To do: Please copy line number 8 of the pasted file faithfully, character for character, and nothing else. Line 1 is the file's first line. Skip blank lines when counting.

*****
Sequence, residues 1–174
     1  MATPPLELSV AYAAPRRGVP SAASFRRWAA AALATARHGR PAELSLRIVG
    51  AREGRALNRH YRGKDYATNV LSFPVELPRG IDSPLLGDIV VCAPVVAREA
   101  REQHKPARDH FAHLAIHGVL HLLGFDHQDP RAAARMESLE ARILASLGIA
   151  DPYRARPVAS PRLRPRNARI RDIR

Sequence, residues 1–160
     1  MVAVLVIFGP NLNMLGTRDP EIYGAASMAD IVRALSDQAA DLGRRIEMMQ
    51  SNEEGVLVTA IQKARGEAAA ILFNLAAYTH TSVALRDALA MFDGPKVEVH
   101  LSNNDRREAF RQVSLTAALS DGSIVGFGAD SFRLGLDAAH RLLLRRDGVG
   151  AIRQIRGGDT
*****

    51  SNEEGVLVTA IQKARGEAAA ILFNLAAYTH TSVALRDALA MFDGPKVEVH